I have an issue about a question posted on another forum. The user gatsu on that forum posted (originally in French) that

starting from the following hermitian inner product on periodic functions space:


to proove that corresponding Fourier series has a basis, one has to proove this equality :

$$\frac{1}{T}\sum_{n\in N}e^{j2\pi \frac{n}{T}(x-\alpha)} = \delta(x-\alpha)\tag{1}$$

I don't understand very well this reasoning. If we want to prove that Fourier series can be written under: $$x(t)=\sum_{n} c_{n}e^{j2\pi n\,f_{0}t}$$ with $$c_{n}=\frac{1}{T_{0}}\int_{-T_{0}/2}^{T_{0}/2} x(t) e^{-j2\pi nf_{0}t}dt$$ one has to prove that basis vectors $e^{j2\pi n\,f_{0}t}$ are such that inner product: $$(e^{j2\pi k\,f_{0}t}|e^{j2\pi l\,f_{0}t})=\frac{1}{T_{0}}\int_{-T_{0}/2}^{T_{0}/2}e^{j2\pi k\,f_{0}t}\,e^{-j2\pi l\,f_{0}t}\,dt=\delta_{kl}$$

isn't it ?

I can't find the link between the goal of above statement and the demonstration that Fourier series has a basis with Hermitian inner product.

Indeed, in equation $(1)$, there is not an integral but a $\sum$.

If someone could help me to clarify this proof, I do confusions and get all mixed up with this demo.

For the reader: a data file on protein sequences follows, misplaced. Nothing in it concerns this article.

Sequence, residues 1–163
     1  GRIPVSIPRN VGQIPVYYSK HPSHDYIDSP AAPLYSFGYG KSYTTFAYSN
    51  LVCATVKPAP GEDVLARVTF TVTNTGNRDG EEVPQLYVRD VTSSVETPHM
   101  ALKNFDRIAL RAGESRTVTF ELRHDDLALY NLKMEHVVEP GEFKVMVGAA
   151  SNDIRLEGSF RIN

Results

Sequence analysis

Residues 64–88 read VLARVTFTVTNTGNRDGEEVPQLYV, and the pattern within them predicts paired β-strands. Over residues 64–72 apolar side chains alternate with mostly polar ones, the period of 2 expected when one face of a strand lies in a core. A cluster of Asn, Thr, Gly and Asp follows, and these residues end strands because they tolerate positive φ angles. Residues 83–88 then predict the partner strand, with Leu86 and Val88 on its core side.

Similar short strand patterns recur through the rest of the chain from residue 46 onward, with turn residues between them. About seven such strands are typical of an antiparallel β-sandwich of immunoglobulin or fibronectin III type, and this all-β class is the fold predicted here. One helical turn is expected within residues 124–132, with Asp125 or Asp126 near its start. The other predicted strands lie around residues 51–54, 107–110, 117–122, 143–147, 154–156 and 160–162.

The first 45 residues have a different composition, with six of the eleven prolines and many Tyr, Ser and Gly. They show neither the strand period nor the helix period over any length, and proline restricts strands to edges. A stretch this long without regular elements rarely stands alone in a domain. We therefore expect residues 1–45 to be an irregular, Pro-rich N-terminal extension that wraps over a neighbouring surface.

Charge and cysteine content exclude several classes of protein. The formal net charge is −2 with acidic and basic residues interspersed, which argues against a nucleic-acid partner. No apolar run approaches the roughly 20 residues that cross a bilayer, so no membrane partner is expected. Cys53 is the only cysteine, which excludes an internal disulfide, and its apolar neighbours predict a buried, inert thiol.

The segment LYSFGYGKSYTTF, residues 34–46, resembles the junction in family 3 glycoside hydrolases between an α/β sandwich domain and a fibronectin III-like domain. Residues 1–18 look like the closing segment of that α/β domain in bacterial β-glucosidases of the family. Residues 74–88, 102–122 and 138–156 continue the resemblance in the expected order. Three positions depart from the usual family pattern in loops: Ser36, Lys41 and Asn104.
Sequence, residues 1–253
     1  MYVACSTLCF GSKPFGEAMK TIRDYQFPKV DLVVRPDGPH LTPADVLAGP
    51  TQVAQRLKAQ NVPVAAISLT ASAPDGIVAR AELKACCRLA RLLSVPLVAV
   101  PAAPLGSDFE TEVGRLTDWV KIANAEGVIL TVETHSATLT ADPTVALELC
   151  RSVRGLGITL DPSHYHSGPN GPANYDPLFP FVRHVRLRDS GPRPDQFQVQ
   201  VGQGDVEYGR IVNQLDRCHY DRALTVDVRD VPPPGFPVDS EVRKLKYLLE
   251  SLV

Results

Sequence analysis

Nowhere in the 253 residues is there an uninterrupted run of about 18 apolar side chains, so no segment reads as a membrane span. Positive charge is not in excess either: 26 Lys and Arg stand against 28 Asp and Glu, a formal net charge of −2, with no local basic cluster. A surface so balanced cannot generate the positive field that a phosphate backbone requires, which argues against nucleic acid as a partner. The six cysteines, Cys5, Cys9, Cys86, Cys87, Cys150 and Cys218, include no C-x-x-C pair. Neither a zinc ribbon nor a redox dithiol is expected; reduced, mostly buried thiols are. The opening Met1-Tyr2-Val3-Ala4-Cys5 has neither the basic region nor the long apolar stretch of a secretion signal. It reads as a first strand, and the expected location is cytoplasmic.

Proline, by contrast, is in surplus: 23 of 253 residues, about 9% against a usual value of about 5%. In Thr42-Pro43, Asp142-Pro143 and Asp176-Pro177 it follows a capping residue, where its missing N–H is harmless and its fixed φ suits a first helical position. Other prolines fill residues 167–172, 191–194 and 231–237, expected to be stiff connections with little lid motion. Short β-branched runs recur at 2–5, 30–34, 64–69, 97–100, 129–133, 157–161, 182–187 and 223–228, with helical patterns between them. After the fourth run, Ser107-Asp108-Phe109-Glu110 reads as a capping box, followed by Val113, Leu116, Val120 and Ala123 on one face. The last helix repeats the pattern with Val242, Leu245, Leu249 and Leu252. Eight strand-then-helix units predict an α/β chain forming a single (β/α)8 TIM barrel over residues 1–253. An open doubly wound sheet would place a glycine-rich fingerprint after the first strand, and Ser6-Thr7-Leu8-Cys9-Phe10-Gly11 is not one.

migrated from physics.stackexchange.com Aug 8 '18 at 23:13

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  • $\begingroup$ Where is the forum post that you took the quoted text from? There should be some attribution of the source of that text, so if you could edit it in, that would be great. $\endgroup$ – David Z Aug 8 '18 at 23:16
  • $\begingroup$ -@DavidZ sorry, I forgot to mention the source : it comes from a french forum, I tried to translate it as best as possible : forums.futura-sciences.com/mathematiques-superieur/… . thanks $\endgroup$ – youpilat13 Aug 8 '18 at 23:29
  • $\begingroup$ OK thanks! I edited in the attribution to show you how it might be done. $\endgroup$ – David Z Aug 8 '18 at 23:33
  • $\begingroup$ -@DavidZ . did you understand my issue ? $\endgroup$ – youpilat13 Aug 18 '18 at 16:58

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